Live goldfish swallowing: why do the Dutch do it?

An Eindhoven man swallows two live goldfish on the terrace of a cafe, de Heksenketel. The disgusted owner bans him for a year. This isn’t the first incident of its kind in the Netherlands.

A video has recently made the rounds on the internet involving a man and his friends, some beer, and a couple of goldfish. In the video you see the men pour both of the goldfish into a glass and hand it to another man, who swiftly downs them. His friends laugh jubilantly, and after chasing the goldfish with beer, you hear the man hacking a bit.

(We’ve made the decision not to publish the video, but if you really want to you can watch it here.)

The owner of the cafe, Karel van Hek, did not find the situation so funny. “I was disgusted,” he told RTL Nieuws. “You have two kinds of people at events like this: one laughs about it and has forgotten it tomorrow, the other finds it disgusting and is going to do something. I belong to the latter group.”

Van Hek grew up on a farm and has now has a pond of his own with goldfish. He believes people must respect animals and take good care of them. “This is unacceptable,” he said. He spoke with the man who swallowed the goldfish and is exercising the maximum time extent of the ban from his cafe. “I don’t agree with what happened, and I am completely done with that person.”

At least it wasn’t a catfish?

This isn’t the first time a Dutchman has gotten in trouble swallowing a live fish. In 2016, a 28-year-old man in Rotterdam was admitted to the emergency room after taking a game of goldfish guzzling too far. What started with the young man and his friends swallowing goldfish from their home aquarium quickly escalated into swallowing a much larger and spikier bronze catfish.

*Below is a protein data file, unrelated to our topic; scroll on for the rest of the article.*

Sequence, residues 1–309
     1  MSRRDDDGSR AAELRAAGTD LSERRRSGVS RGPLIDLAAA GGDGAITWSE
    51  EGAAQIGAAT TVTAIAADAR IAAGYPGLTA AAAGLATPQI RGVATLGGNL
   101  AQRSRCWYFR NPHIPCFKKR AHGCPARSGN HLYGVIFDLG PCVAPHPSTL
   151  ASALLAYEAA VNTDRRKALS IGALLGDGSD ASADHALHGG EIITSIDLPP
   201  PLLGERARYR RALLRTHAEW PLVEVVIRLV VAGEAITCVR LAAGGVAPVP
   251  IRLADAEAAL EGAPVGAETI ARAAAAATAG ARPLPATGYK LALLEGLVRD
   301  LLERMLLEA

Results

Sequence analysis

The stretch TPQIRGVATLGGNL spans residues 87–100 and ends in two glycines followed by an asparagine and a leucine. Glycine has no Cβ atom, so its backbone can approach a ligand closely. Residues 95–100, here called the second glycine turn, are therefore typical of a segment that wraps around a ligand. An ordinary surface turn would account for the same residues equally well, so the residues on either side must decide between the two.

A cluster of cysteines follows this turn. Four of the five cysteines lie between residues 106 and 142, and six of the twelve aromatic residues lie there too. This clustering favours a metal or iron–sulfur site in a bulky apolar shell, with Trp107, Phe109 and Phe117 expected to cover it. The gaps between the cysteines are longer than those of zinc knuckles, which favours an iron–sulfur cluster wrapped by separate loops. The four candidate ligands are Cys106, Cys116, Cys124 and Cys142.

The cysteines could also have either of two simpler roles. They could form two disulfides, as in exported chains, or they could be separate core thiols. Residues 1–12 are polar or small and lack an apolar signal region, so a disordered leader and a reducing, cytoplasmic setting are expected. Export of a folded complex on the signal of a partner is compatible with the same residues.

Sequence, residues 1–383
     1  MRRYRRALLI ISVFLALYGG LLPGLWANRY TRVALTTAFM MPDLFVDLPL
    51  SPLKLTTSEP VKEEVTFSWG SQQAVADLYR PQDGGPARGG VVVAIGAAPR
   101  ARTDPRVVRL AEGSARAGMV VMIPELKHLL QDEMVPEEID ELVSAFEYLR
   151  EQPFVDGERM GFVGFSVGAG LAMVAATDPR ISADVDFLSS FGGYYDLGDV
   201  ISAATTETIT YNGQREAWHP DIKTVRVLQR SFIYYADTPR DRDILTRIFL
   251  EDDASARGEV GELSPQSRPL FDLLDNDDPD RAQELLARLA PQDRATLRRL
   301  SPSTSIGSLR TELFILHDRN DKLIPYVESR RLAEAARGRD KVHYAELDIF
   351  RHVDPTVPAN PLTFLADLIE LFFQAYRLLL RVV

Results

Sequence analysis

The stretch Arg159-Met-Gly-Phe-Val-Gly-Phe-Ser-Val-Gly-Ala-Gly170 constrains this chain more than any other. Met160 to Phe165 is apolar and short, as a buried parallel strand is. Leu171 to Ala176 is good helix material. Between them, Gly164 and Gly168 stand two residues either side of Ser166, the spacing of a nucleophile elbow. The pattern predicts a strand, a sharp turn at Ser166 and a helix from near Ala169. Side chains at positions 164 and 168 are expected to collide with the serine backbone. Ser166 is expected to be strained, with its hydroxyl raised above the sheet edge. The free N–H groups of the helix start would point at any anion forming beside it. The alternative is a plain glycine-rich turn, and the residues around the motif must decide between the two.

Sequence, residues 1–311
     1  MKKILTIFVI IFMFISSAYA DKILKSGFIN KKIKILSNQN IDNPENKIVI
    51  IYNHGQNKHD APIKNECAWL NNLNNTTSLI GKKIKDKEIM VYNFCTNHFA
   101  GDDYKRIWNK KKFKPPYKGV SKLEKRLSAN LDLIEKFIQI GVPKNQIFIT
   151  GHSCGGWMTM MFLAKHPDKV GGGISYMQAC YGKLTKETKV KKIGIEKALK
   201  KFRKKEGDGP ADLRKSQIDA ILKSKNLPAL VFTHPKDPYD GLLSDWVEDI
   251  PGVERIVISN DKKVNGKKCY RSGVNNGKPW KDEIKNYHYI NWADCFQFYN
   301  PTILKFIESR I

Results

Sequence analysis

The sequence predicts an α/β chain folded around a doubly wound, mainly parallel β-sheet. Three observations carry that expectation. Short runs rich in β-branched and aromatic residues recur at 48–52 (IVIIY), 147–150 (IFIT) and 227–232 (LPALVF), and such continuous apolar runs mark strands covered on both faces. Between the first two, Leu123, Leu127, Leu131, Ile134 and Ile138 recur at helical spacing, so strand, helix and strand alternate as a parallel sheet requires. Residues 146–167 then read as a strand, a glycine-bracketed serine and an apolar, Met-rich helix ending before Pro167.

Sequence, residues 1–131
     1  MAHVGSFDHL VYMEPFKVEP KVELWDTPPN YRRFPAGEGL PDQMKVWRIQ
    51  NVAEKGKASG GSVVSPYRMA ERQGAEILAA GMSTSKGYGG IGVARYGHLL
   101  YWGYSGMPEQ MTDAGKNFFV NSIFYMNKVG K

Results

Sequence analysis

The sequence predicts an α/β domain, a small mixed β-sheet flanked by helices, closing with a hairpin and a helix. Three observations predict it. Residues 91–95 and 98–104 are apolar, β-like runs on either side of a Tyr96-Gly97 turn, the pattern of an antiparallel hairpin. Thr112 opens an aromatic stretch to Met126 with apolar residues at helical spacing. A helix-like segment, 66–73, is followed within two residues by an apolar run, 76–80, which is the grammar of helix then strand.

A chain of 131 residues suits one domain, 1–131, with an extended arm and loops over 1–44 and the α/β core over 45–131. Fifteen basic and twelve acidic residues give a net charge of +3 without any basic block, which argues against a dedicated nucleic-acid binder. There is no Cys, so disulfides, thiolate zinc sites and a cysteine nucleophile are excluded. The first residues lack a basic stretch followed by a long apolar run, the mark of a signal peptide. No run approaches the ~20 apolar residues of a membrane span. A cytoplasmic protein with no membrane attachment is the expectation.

A video from the incident (as described in a case report) shows a man as he tips back a glass of water with the live catfish in it, attempting to swallow it whole. His friends cheered him on, shouting, “Grote vis! Grote vis!” or “Big fish! Big fish!” The report states that four seconds later, he spits it out onto the table, where it floundered, “distressed,” and “agonised.” 

This wasn’t the end of it. A second man made his attempt at the dangerous feat, swallowing some beer before dropping the spiny fish down his throat (one can only imagine it was by the traditional mode of haring eating). The scene gets much uglier from there, involving gagging, vomiting, and spewing blood. After several hours of apparently trying to dislodge the fish with more beer, honey, and ice cream, the man finally went to the emergency room, where doctors removed a “fish-like structure” from his throat.

An old tradition

Goldfish gulping is by no means a new craze. The first recorded incident was in 1939, by 18-year-old Lothrop Withington Jr., a Harvard student. He accepted the challenge to eat a live goldfish for $10, which drew an enormous crowd of spectators (to be fair, he chewed it). Before long, the stunt became popularised in drinking games on college campuses across the US.

What started as consuming one live fish, turned into two, then three, and so on. That same year, the record of 101 goldfish was set. Since then, the shocking party trick has popped up time and again in various social circles, often among young people in universities.

A simple right or wrong?

The question of ethics at the root of these fish-swallowing stunts comes back to whether or not it’s right to consume a living creature. While restaurant owner Van Hek thinks not, many argue that it’s simply a harmless shenanigan.

Those in favour of swallowing live goldfish may point out that foods such as oysters are eaten live all over the world without much question. In some parts of the world it’s even considered a delicacy to consume live seafood. 

The odori ebi, or “dancing shrimp,” eaten in Japan and Thailand come swimming in a bowl of sake. Even in parts of the US, you can find restaurants serving live spiny lobster, with chefs claiming the meat tastes best right out of the belly of the still-living crustacean. And in India, a government-backed treatment of asthma patients involves eating a live sardine. 

What do you think of swallowing live goldfish? Is it disgusting or harmless? Hilarious or criminal? Let us know your thoughts in the comments below!

Feature Image: Bruno Cervera/Pexels

Brin Andrews
Brin Andrews
Brin is an avid ice cream eater from the US, calling Amsterdam home since early 2019. As a lover of mountains, life below sea level has been a bit of an adjustment, but she manages to stay afloat with long runs, wine, and frequent travel. Incidentally, these are a few of her favourite topics to write about.


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